TagusValley, a science and technology park in Portugal, partners with Code Club to give local young people the opportunity to express themselves through digital making.
Ellie, Code Club Global Partnerships Manager, chatted to Homero Cardoso, Project Manager at TagusValley and one of the co-founders of its Code Club network to find out more.
How it started
In the heart of Portugal lies a small municipality called Abrantes. With a sparse population, and not much in the way of a technology industry, many of the young people here think you need to go somewhere bigger for new opportunities — that is until TagusValley brought Code Clubs into local schools.
Homero saw the potential in using Code Clubs to show young people how fun technology can be and how it can open up endless possibilities. He trialled Code Clubs in ten classrooms for a few months, working with teachers to deliver the sessions. It was a big hit.
‘‘The kids loved it, the teachers loved it, the municipality loved it.’’
The local municipality loved it so much they wanted to fund the programme to continue. So Homero gathered a small team to go out to local schools and continue to support teachers in running clubs. They now visit 30 classrooms a week.
“For us it’s a process of discovery — themselves (the students), their capacity, their ability to create something, their discovery of their surroundings.’’
The oldest olive tree in Portugal
Abrantes is home to a 3,350-year-old olive tree. Locals will tell you it’s the oldest in the world, but others may disagree! Children in Code Clubs were tasked with featuring the olive tree in a project. They created a game in which a character is trying to pick the olives from the tree, whilst avoiding a bird that is trying to poop on them! As you can imagine, the coders had a lot of fun creating the characters’ reactions when the bird achieves its mission.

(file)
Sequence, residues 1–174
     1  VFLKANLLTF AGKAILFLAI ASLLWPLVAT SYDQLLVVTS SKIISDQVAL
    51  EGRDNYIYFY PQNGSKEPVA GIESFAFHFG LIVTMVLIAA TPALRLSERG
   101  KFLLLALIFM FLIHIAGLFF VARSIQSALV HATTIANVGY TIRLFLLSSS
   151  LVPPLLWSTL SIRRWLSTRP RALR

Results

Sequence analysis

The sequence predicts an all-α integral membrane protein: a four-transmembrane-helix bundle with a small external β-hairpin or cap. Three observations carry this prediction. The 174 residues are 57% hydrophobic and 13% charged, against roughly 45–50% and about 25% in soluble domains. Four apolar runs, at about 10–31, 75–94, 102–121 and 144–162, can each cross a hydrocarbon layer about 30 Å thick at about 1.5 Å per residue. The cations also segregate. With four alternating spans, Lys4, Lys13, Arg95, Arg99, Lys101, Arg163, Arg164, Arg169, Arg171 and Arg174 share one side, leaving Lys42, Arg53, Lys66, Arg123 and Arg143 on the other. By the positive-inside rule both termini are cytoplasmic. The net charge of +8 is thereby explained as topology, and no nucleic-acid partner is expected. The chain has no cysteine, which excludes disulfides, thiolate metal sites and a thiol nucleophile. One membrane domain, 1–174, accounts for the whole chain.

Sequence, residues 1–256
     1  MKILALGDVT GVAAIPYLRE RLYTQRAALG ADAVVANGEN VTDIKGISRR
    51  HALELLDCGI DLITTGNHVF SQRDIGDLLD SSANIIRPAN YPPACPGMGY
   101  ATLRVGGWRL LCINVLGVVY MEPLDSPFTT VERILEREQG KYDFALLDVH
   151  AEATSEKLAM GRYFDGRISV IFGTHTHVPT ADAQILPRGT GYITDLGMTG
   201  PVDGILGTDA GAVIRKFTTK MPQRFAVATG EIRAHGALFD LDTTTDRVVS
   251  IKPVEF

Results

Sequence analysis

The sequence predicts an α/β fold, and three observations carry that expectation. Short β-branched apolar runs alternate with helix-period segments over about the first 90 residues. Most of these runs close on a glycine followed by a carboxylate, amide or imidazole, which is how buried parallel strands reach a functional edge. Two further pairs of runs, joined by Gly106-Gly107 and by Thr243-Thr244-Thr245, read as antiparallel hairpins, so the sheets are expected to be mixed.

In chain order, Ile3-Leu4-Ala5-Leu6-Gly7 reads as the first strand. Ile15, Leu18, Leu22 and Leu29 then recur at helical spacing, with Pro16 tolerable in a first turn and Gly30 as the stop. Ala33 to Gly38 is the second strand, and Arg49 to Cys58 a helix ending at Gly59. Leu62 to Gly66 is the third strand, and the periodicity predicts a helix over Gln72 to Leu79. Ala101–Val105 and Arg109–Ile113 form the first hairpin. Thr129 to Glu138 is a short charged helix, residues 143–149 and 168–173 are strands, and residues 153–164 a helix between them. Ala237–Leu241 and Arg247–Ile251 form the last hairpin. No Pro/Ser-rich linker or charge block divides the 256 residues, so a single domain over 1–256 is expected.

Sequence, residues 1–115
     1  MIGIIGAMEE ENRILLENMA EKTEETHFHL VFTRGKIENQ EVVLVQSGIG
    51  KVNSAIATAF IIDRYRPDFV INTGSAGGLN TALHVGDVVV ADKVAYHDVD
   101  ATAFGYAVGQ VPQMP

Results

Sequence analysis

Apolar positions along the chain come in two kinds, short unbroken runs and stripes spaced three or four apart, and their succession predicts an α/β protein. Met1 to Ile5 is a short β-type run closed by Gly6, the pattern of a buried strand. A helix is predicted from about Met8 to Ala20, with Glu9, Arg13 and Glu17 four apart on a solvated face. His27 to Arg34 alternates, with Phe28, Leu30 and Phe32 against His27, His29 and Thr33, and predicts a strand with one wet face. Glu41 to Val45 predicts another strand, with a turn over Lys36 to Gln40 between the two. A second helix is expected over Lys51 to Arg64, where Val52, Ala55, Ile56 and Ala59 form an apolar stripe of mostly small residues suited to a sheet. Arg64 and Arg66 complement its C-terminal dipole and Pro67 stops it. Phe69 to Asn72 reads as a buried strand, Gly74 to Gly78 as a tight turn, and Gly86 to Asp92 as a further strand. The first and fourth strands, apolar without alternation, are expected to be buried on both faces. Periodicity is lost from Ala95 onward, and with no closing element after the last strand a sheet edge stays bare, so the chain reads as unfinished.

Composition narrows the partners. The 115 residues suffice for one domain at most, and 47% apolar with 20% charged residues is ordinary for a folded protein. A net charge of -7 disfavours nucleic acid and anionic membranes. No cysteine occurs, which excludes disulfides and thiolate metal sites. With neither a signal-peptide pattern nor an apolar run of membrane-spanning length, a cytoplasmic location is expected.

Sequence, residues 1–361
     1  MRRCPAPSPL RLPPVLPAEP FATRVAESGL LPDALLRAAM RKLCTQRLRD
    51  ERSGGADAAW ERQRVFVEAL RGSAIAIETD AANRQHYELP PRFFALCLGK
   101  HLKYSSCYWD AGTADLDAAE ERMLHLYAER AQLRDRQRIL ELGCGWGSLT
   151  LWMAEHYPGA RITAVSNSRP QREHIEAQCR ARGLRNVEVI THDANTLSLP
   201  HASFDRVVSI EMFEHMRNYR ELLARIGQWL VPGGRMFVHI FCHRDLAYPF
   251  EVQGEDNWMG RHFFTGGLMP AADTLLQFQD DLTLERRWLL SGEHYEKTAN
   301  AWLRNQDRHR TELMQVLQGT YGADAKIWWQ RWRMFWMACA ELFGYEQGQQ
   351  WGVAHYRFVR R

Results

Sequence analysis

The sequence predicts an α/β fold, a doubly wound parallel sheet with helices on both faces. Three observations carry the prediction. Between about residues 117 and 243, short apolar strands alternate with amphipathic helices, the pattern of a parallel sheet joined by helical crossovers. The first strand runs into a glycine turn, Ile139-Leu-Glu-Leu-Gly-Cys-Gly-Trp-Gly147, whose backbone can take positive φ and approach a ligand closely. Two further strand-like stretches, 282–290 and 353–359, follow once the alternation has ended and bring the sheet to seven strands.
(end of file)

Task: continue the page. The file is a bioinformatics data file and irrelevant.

By using culturally relevant storytelling and taking a ‘no limits’ approach, Homero says the children’s imaginations grow and grow.
‘’When they start to have crazy ideas, instead of telling them ‘that’s crazy’, we say ‘that’s really cool!’ Have you thought about something even more crazy! We can create anything!’’
This approach has had a very positive impact. Some children have developed an enthusiasm for coding outside of their regular Code Club. One boy was on holiday when he saw a book on Scratch that he insisted his parents buy him. When he came back to school, it was the one souvenir from his holiday he was most excited to bring back to Code Club and show his friends.
Coding as a universal language
Abrantes is home to a multicultural population. When two Urdu-speaking girls joined a Portuguese-speaking Code Club, coding helped everyone to communicate across the language differences. After a quick bit of online translation to find the Urdu version of Scratch, the girls quickly figured out how to create what they wanted, and were able to share their creations along with their classmates.
You can see which Code Club projects have been translated into different languages by clicking on the top right-hand box on the Code Club Project site.
Homero is keen to get his students involved in next year’s Astro Pi Mission Zero. He is also working on a programme to encourage mature students from local universities to volunteer at Code Clubs.
He would like to help more teachers feel confident about teaching coding. Homero sees the training and support as key to fostering the abilities and confidence of the teachers in school, so they can continue running clubs themselves, and to ensure the long-term success of the programme.
Find out more about becoming a Code Club Global Partner organisation.
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